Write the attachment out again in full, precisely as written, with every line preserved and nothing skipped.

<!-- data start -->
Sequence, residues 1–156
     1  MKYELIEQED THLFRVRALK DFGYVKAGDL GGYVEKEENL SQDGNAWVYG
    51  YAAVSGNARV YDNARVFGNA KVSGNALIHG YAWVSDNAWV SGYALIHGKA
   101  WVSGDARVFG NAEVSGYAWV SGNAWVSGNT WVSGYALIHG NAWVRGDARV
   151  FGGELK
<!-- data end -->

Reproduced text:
Sequence, residues 1–156
     1  MKYELIEQED THLFRVRALK DFGYVKAGDL GGYVEKEENL SQDGNAWVYG
    51  YAAVSGNARV YDNARVFGNA KVSGNALIHG YAWVSDNAWV SGYALIHGKA
   101  WVSGDARVFG NAEVSGYAWV SGNAWVSGNT WVSGYALIHG NAWVRGDARV
   151  FGGELK